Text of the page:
Three tips for becoming an open banking brand genie
Historically, bank brands could count on loyal customers to support multiple product lines and revenue streams, from deposit accounts to mortgages, credit cards to retirement portfolios. But technology is exposing consumers to an ever-expanding menu of products and services across multiple channels, many of which offer more enticing user experiences than are available from their traditional banks. With fintech competitors threatening their market share from every direction, banks must adapt in order to protect not only their brands but their businesses.
Open banking enables legacy brands to tap into the innovation happening throughout the fintech ecosystem, putting virtually endless possibilities for products and services at the fingertips of the banks and their customers. Bank brands that adopt open banking technology can take on the role of the genie: the trusted entity that grants banking technology wishes via access to the vast offerings of the fintech frontier.
Amazon is the ultimate example of a “genie brand,” granting customer “wishes” in practically every retail category imaginable. By establishing a platform that aggregates and distributes such a wide variety of goods and services, Amazon has built a ubiquitous and highly valuable brand identity. If you ask an Amazon customer where a particular product came from, they’re much more likely to say, “I got it from Amazon” than “I got it from [third-party reseller].” This is not a coincidence -- it’s the result of a deliberate and successful brand strategy.
At Finastra, we help financial institutions establish their “genie brand” through our platform-based approach. By putting the customer at the center of a business strategy, open banking helps fast-track innovation and encourage collaboration that quickly grants a customer’s wish by bringing products and services to market faster.
Here are a few tips to consider when planning to adopt an open banking strategy:
Go beyond your core offerings.
According to a January 2018 survey commissioned by Bankrate, which surveyed 1,156 U.S. adults (956 of whom were smartphone users), 63% of smartphone owners use at least one financial app. Many of these offerings aggregate information from users’ financial accounts across multiple institutions to provide a convenient overview of their money, illuminate spending trends and, in some cases, recommend relevant products and services. But most of these applications are created by third-party fintechs and not banks.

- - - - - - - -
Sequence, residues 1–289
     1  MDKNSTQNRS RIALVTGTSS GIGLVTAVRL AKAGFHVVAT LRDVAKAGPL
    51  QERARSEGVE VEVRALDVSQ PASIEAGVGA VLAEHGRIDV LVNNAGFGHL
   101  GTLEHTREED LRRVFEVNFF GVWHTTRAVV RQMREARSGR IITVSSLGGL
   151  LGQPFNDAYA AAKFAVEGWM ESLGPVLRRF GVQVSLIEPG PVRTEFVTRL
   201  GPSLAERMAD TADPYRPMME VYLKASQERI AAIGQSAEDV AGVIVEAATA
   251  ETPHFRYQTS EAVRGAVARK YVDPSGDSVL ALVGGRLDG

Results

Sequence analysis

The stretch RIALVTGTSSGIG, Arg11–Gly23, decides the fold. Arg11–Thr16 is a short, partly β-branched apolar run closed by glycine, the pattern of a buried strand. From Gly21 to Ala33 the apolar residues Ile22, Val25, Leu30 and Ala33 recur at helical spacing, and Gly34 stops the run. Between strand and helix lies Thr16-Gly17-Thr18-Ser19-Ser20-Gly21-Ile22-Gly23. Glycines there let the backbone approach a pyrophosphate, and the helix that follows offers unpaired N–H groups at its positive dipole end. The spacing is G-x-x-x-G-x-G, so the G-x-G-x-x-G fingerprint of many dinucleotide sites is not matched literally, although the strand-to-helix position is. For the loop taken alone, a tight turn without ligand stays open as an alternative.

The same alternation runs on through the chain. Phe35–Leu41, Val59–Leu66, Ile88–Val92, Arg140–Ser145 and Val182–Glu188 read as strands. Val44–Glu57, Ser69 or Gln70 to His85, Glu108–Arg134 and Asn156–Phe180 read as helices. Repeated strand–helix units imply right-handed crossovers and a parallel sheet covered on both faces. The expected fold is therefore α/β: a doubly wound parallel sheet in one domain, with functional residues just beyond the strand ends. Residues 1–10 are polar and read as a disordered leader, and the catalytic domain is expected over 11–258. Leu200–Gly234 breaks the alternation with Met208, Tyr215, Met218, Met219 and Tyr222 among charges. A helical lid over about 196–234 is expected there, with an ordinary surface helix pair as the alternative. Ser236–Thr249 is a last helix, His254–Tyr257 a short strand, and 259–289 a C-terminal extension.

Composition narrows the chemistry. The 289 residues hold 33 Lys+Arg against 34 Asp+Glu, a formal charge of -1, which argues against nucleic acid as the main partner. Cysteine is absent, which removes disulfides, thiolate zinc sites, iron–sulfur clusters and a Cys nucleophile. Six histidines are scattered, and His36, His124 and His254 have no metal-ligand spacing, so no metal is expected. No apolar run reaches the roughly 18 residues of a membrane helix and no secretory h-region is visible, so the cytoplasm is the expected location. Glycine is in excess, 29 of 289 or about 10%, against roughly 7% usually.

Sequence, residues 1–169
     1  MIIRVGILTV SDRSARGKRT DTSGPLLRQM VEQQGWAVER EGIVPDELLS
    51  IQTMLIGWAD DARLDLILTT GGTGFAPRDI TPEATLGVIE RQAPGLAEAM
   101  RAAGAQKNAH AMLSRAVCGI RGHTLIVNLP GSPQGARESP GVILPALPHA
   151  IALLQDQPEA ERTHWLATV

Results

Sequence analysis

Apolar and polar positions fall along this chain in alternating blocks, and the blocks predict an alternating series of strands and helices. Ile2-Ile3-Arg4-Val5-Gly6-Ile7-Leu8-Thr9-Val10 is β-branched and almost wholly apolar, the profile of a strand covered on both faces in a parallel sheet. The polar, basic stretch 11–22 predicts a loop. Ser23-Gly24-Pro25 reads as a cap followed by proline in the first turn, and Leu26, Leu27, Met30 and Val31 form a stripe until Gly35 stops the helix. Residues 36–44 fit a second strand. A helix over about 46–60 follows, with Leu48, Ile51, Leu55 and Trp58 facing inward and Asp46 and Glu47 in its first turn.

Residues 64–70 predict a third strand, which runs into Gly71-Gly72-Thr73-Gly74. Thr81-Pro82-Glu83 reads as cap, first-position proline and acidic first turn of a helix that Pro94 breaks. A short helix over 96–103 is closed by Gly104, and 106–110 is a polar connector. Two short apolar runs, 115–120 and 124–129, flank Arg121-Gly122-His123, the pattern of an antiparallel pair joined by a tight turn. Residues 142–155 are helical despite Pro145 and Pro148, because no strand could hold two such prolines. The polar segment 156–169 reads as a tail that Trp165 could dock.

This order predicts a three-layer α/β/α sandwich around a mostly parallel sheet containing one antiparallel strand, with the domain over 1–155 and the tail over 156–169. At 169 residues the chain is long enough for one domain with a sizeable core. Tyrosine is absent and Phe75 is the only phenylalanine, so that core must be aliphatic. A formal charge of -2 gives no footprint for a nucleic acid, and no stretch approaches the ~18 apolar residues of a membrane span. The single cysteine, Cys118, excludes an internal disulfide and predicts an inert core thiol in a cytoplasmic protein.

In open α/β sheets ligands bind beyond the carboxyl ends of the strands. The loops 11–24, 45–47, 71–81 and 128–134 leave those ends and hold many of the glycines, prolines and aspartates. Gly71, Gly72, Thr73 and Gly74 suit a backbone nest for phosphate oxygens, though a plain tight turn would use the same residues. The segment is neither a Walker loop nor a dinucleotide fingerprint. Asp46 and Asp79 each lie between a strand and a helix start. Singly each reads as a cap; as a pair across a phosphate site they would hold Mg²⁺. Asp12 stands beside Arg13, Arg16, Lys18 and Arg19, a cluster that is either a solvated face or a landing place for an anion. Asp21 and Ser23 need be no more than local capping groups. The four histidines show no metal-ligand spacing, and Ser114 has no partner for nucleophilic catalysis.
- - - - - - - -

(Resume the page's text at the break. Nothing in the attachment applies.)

With open banking, banks need to own these aggregator models and reclaim market share from fintech challengers. By collecting customer payment information from other banks through their own apps, banks can gain invaluable data from their clients and, with that data, provide services and experiences that extend beyond their core offerings. This creates an opportunity to sell new products across various financial verticals, such as mortgages, loans and wealth management. The cross-selling of nonfinancial services offerings is a great opportunity to consider and a potential new route to top-line growth.
Prioritize your customer.
Whether you’re a local community bank, a national financial services brand or an emerging fintech player, catering to customer demands and expectations is critical to maintaining a strong brand. Don’t expect loyalty from the new generation of customers; brand and trust are no longer the best arguments to stay.
Providing consumers with an array of services that cater to their daily needs will help bank brands stand out in a crowded marketplace, as well as improve the quality of their offerings to attract and retain consumers. Moreover, a brand that not only recognizes customers’ needs but is willing to recommend other companies’ products and services in their customers’ best interests, will be more likely to gain valuable trust.
Create a stronger bond.
In today’s crowded, tech-driven banking marketplace, customers will inevitably shop around for the products and services that suit them best. But established banks have a built-in advantage: their existing customer relationships. Rather than putting all their eggs in the “loyalty” basket, banks should harness the power of personalization through the abundance of customer data they already have at their fingertips.
The more effectively banking brands can personally connect and cater to their customers’ needs, the more loyal those customers will be. Artificial intelligence and machine learning are the underpinning technologies to convert customer data into insights and actions. More data leads to better insights, better personalization and, finally, more customers. The flywheel of open banking starts to spin.
Overall, there is some good news for banks: Brand loyalty is not lost to those who are ready to manage both new and legacy technology while remaining agile in this long-term adoption. In an era where the younger generation is able to compare experiences across industries rather than siloed experiences, loyalty often comes from expectations that are now set by FANG (Facebook, Amazon, Netflix, Google) -- extensive online presence, 24/7 user interaction and a seamless experience. Through open banking, banks don’t have to journey far to become “genie brands” within financial services.
Original article appeared on Forbes.